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Thai anti-government protester killed, likely to end hopes of election on February 2

Bangkok, Jan 27 (): A Thai anti-government protest leader was shot dead on Sunday as protesters besieged the polling stations in Bangkok and forced most to close, hindering advance voting in many areas of the capital ahead of a disputed election next week. Piya Utayo, a spokesman for the national police, identified the dead man as Suthin Tharatin, one of the protest leaders. He said Suthin was shot in the head and in the chest.

The Sunday killing has brought the death toll to 10 and many have been left wounded. Protesters took to the streets in November, leading to the the shut down in the capital and forcing Prime Minister Yingluck Shinawatra from office. The city’s Erawan emergency centre said nine other people were injured in the shooting with the violence extending doubts over the possibility of next weekend’s ballot.

Over two million people are listed for the advance vote ahead of the February 2 election, which was called by Prime Minister Yingluck Shinawatra in an effort to resolve growing political tensions after weeks of mass anti-government protests. Demonstrators descended on many polling stations in the Thai capital and in some southern provinces, stopping ballot officials and voters from entering and forcing election authorities to close at least 34 venues.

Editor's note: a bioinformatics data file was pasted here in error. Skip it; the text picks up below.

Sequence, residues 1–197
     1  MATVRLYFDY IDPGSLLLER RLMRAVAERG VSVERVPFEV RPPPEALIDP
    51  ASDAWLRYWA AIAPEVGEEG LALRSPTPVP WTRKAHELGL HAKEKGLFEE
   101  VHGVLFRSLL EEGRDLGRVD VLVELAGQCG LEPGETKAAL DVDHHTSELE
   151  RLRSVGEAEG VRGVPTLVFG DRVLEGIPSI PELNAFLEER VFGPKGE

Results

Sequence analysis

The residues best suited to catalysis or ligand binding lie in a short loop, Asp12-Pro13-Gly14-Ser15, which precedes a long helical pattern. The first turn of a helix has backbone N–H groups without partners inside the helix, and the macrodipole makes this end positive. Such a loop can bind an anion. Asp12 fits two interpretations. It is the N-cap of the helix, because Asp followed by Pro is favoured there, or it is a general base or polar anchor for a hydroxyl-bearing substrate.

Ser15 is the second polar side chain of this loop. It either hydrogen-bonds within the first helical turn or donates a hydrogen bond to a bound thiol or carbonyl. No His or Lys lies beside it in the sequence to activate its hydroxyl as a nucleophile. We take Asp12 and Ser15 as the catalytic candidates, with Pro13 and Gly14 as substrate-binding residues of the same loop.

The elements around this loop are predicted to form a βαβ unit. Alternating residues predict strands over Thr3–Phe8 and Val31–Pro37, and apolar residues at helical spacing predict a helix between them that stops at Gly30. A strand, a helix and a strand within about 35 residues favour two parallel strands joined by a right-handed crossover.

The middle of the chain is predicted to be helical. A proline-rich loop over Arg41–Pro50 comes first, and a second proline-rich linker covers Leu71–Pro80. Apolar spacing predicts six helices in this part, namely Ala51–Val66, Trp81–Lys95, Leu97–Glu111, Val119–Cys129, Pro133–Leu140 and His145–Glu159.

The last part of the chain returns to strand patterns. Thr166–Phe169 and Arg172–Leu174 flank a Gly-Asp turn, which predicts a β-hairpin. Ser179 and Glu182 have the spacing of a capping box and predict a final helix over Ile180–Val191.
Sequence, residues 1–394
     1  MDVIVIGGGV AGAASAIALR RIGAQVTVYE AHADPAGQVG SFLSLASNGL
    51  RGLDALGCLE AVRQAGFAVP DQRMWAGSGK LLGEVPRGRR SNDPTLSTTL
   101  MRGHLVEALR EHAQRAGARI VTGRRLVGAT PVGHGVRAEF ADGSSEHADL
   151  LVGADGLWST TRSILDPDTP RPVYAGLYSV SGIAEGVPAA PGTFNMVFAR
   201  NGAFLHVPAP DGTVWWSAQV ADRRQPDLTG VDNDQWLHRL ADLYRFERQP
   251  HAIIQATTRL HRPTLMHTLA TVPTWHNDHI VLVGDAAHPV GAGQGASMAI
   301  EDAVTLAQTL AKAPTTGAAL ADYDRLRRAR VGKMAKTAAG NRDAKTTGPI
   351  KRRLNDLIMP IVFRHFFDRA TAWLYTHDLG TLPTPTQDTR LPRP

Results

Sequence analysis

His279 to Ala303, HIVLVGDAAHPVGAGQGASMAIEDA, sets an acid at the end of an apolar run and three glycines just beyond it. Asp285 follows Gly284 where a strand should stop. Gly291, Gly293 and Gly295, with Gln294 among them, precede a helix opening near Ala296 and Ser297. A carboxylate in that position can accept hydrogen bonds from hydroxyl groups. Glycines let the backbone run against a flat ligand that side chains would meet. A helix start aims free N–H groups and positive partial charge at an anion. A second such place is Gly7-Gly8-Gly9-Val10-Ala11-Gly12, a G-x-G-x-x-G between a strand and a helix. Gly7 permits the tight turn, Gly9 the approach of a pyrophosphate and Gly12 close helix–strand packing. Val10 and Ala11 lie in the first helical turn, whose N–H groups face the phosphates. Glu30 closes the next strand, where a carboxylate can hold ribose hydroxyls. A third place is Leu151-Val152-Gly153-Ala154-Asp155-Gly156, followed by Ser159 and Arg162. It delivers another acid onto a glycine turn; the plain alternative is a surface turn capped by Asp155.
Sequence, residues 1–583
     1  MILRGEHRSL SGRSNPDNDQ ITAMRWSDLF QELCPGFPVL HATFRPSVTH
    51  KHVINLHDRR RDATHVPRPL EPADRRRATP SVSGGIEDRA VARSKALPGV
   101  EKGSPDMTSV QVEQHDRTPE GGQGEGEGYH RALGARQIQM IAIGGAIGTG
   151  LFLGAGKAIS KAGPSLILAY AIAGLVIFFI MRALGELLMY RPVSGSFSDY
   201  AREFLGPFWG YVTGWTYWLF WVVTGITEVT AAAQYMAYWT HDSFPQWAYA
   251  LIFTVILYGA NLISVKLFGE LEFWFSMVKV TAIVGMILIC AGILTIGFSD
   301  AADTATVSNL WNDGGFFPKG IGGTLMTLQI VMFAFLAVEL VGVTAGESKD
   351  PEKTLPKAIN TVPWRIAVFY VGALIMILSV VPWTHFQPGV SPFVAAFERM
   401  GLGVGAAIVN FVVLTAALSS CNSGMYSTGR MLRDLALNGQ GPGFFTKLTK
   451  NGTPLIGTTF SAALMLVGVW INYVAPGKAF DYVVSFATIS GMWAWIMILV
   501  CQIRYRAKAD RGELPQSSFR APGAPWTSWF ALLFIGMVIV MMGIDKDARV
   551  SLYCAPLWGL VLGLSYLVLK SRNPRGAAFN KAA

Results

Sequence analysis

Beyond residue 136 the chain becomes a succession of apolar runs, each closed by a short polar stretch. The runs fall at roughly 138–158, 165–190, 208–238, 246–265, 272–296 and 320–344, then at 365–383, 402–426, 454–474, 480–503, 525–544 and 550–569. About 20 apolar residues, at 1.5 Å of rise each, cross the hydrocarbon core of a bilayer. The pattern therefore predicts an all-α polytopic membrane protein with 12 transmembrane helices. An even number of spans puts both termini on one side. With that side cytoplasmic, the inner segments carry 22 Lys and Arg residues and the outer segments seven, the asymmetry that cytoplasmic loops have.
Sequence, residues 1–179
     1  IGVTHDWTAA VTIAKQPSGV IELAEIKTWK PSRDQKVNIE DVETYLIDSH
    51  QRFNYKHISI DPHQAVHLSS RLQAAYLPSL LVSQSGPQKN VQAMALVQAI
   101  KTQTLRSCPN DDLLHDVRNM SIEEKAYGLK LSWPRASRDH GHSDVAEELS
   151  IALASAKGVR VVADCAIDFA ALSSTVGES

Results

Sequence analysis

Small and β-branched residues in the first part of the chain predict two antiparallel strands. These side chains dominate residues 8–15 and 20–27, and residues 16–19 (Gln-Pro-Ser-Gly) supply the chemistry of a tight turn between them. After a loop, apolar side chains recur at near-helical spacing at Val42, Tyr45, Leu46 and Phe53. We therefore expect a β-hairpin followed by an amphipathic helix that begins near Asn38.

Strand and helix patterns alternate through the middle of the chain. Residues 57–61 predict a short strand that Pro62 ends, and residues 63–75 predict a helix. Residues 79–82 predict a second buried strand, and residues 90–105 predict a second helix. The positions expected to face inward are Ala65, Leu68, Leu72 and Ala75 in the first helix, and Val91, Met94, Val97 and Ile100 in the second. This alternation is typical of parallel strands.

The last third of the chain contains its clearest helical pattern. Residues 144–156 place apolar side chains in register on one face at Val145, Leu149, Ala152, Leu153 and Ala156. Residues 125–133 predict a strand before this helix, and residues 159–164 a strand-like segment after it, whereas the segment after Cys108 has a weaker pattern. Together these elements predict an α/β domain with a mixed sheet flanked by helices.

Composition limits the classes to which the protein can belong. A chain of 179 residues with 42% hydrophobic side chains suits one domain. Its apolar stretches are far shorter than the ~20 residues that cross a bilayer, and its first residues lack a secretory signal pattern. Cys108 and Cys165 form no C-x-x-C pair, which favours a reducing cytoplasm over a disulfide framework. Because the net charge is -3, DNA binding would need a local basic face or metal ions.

Immediate reports of violence were not registered but Thai television reported oral clashes between protesters and voters at some polling stations, with the disturbance renewing fears of confusion if the government reporters ahead with next Sunday’s poll. But, polling opened unrestricted in most other parts of the country, including north and north-eastern provinces where the besieged government of Prime Minister Yingluck Shinawatra has mass support.

The election scheduled for February 2 remains an uncertainty after the Election Commission called for it to be postponed following months of unrest, including the shut-down of some parts of Bangkok and occupying of key ministries. In Thailand, advance voting opens a week earlier than the main polling day.